Winder House's Archie Campbell wins annual Wilson Run in testing conditions with a fitting motto taped to his ankle (From The Westmorland Gazette)
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Winder House's Archie Campbell wins annual Wilson Run in testing conditions with a fitting motto taped to his ankle
Updated 8:55am Friday 28th March 2014 in Sport
WITH a motto taped to his ankle which read ‘Suffer now and live the rest of your life as a champion’, Winder House’s Archie Campbell took gold in Sedbergh School’s annual Wilson Run.
Campbell enjoyed a commanding lead at Cautley and maintained this advantage throughout the race before using Winner’s Way to gain extra time, posting a finishing time of 1.15.03.
The 18-year-old, who triumphed ahead of second-placed Josef Westgarth (1.17.39) and Ollie Thompson (1.20.12) in third, reveals the influence of his brother spurred him on to victory.
"I was quietly confident but knew Thompson was strong,” he said. “I thought it would be between the two of us and I did the best I could.
“I had great support and kept imagining how good it would be to have my name on the boards. It was nice to finally win something and not come second.
“There was a point, just past Cautley, when I felt rough and thought I had gone too fast. I thought Thompson had planned it all and paced it so I would get tired, but I just kept plodding along.
“I swing massively in mood during a race but after getting myself out of a bog I heard my brother play a song I’d asked him to.
“Near the end, I heard that Thompson was only 400m behind me so really pushed hard."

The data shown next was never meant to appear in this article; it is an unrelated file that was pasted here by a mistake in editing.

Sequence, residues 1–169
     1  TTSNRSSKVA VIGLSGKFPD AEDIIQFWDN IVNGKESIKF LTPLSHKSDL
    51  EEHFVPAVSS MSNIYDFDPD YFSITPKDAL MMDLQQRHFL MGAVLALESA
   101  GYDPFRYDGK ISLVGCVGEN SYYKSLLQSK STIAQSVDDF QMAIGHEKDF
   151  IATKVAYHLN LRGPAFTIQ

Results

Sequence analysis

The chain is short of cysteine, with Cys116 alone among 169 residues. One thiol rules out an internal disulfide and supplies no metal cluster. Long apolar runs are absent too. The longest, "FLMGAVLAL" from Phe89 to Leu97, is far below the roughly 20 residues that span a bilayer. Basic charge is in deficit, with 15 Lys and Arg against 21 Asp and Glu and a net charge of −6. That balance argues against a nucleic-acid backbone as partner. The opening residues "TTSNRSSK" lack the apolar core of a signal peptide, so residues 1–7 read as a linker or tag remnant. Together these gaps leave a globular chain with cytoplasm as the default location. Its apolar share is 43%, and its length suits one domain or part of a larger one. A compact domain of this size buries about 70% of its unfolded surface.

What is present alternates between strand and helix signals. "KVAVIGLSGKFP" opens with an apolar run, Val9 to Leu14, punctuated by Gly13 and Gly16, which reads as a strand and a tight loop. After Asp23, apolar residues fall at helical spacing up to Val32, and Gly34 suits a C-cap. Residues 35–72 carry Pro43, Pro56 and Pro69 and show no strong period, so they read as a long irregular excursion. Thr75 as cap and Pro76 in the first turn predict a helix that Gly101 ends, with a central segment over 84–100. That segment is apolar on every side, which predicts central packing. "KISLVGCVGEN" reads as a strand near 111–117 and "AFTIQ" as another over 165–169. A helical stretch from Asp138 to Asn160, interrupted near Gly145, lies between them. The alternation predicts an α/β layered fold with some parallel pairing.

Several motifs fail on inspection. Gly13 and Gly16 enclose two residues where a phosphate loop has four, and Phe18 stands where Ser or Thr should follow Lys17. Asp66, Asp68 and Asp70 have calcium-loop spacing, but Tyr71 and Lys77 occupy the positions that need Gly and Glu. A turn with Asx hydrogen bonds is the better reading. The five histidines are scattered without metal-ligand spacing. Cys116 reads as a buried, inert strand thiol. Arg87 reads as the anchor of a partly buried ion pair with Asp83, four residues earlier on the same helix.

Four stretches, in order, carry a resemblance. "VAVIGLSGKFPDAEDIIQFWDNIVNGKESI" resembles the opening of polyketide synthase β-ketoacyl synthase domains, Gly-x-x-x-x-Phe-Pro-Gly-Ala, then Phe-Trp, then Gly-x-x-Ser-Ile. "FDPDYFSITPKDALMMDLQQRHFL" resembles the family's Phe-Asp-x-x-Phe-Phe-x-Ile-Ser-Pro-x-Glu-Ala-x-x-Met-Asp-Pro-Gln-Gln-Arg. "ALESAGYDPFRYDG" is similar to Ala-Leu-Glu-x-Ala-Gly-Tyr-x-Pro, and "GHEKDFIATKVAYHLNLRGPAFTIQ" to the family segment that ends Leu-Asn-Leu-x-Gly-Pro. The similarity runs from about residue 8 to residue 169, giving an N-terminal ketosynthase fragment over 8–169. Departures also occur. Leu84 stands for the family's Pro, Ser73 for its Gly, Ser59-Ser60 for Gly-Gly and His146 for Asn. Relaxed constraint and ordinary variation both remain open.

The ten-mile Wilson Run forms a major part of Sedbergh’s history and tradition and has been raced over the same route since its beginnings in 1881.
The current record is held by Charles Sykes – 1.08.04 set in 1993 – although race organiser Jim Fisher believes Campbell’s winning time ranks highly given the difficult conditions.
"Because we’ve had such wet winter, it was a very boggy course in parts, particularly at Baugh Fell,” he said.
“In these conditions, the winner made a very good time – he can be proud of it.
“I think he probably kept the quote he had taped to him in mind when he was completely stuck, thigh deep, in a bog.
“On a boggy day, the race is even harder because there are several very tricky descents. Thrush Ghyll is the first, as you go towards Cautley. It was exceptionally slidy on this occasion.
“140 qualified for this year's race, 135 started and 132 finished. It was a great race, enjoyed by hundreds – we had a really big turn out."
Ella Ferguson – whose motto was ‘We’re on our way and we’re flying home’ – won gold in the women’s category in a time of 1.41.27 ahead of Katie Dootson in 1.45.45 and Charlotte Ridsdale in 1.47.35.
Gold medallist Ferguson, who recently competed in the Cross Country Nationals in Leicestershire, admits taking inspiration from one former Sedberghian in particular.
"I have been building up my fitness and strength for many weeks now and have worked really hard," she said.
"Taking part in both the Nationals and the Wilson was very exciting but I also felt nervous because they are both such huge events to be part of.
"In the Wilson, I just went for it. My motto was 'We're on our way and we're flying home.'
"I was also inspired by the return of Old Sedberghian Caroline Fitzner, who was the last girl from my House to win the Wilson in 2008.
"She came up from Cambridge University to support us and it broke six years of our House not winning!"
This year was the first year that three girls boarding houses competed following the merger with Casterton School last year.
"We all really encouraged the Carus House girls in training but obviously on the
day it was a case of get your own personal best and try to win the House
competition," added Ferguson.
"We were all very supportive of each other though."
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